B.C. opts against introducing restrictions as new data suggests COVID cases will climb due to Omicron

B.C. opts against introducing restrictions as new data suggests COVID cases will climb due to Omicron

B.C. won’t be introducing new restrictions, despite new modelling data suggesting that coronavirus infections will likely climb over the coming days and weeks due to the Omicron variant.

According to modelling data released by the B.C. government Tuesday, new cases could reach as high as 2,000 by early January while hospitalizations could climb above 75 people per day in an extreme scenario.

“There will be more cases,” said Dr. Bonnie Henry, the provincial health officer, during a live briefing Tuesday.

The government’s modelling data focused on the Omicron variant potential impact and looked at four different scenarios ranging from less severe to very severe.

All four scenarios suggest that cases would climb, ranging from as low as around 800 to 900 per day in less severe scenarios to 1,000 to 2,000 plus cases in worst-case situations. Hospitalizations, in more positive or less severe scenarios, would range from less than 25 people per day to under 45 per day by the beginning of 2022. In worst-case scenarios, however, hospitalizations would range from over 25 per day to 75 people and above per day.

“We don’t know if Omicron will be able to evade the immune defences that are given through vaccination … we’re putting these pieces together,” explained Henry. “There is still a lot we do not know about this new strain and how it may affect transmission, how it may affect people who to go hospital.”

Forty-four Omicron cases have been already been confirmed in British Columbia — the majority of them occurring in vaccinated individuals — with five linked to Vancouver Island, and more expected in the coming days. Henry said, while there is much to learn about the variant, it’s clear that when daily infections climb, hospitalizations eventually do as well.

“We do know is that when cases go up, the percentage of people that end up needing hospital care go up as well,” she said. “This is a time where more than ever we need to hold the line. We need to continue to do those things that we know work and they work against the strains that we have been dealing with for the last year and a half, but particularly for the last few months, and they will work against Omicron.”

No new restrictions or rules announced

Despite acknowledging that little is known about Omicron, B.C. health officials did not announce any new restrictions on Tuesday.

Instead, Dr. Henry urged people to get vaccinated if they hadn’t already, get their booster shot if they’re eligible to do so and to “rethink” any planned indoor gatherings where unvaccinated individuals could be in attendance.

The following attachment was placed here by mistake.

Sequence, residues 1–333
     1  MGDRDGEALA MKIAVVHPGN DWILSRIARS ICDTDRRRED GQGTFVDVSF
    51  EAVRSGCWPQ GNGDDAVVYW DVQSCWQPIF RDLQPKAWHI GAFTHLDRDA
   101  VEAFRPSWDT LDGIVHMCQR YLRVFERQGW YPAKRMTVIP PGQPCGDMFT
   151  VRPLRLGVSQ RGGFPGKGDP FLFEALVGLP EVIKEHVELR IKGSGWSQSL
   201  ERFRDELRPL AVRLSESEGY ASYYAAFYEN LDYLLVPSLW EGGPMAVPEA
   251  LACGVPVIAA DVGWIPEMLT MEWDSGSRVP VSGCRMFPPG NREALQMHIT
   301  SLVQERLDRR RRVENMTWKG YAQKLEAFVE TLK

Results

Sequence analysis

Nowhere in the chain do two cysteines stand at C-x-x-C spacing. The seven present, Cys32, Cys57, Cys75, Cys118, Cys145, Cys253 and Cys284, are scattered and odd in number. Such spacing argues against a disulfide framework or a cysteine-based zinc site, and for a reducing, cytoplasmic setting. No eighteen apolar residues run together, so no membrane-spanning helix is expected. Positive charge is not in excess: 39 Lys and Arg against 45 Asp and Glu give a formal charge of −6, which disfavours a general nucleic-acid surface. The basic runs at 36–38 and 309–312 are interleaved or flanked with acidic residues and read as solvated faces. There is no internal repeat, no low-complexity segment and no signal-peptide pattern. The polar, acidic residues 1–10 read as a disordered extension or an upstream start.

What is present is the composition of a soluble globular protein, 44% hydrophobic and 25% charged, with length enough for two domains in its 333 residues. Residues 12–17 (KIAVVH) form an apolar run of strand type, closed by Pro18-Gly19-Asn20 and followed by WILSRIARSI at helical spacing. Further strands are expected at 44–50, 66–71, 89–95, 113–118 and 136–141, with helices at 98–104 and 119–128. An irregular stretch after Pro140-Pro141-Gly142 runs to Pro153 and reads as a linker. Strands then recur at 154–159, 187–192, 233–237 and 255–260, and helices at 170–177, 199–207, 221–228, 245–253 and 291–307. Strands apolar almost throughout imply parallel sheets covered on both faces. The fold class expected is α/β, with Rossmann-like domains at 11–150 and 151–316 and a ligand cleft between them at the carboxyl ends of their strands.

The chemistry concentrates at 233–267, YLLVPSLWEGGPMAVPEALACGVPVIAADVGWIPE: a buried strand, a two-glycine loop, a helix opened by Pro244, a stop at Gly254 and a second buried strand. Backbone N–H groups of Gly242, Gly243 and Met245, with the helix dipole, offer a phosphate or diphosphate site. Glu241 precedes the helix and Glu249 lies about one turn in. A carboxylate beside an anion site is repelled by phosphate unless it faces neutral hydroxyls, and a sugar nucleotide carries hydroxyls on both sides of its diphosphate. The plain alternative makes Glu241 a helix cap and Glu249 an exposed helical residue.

“We should not be having large parties right now where we are coming together indoors, particularly with people we don’t know, where we don’t know their vaccination status,” she said. “That’s where this virus is taking hold and spreading rapidly and we know that is going to be even more of a risk with Omicron.”

This time last year, there were a range of restrictions and measures in place in B.C., which at that time had a largely unvaccinated population, that included limits on indoor dining, restrictions on socialization, and an outright ban on community gatherings of any size.

Henry said that although COVID-19 is transmitted more easily indoors, particularly if ventilation is poor, vaccinated individuals can continue to gather indoors because the province has a vaccine card system in place along with an indoor mask mandate.

“We also have our B.C. vaccine card in place and that is a program that helps us mitigate the risk in some of those settings where we can come together, knowing that everybody in that setting is vaccinated,” she said. “It does not eliminate the risk and we have seen that.”

B.C.’s top doctor urged people to “step back” and spend time with smaller groups of people who are vaccinated.

“We need people to step back and focus on having those groups with your close friends, close family, in a way that protects them,” she said. “That means if you’re going to have people over at your house, have vaccinated people to your house, particularly if you have elders if you have people in your house that are immunocompromised.”

Asked by a member of the media during Tuesday’s briefing about whether British Columbians can expect any new restrictions in the coming days, Henry said “fairly strong” restrictions are already in place.

“What we have tried to do is put in restrictions in areas where we know transmission is the highest risk. So, we have in place, fairly strong restrictions around events and gatherings,” she said.

At the end of the day, Henry said, what will get B.C. through this “new uncertain time” of the pandemic is keeping groups small, getting vaccinated, staying outside, keeping ventilation in our homes, among other things.

“We want to ensure that this time of the year is a joyous time of the year, we want to remember to do those things that are so important to get us through this new uncertain time,” she said. “That means going out for a walk with somebody, remembering to find that joy every day in our lives, take the precautions that we are all familiar with and that we know work.”

“These are important things for us to get through this holiday season.”

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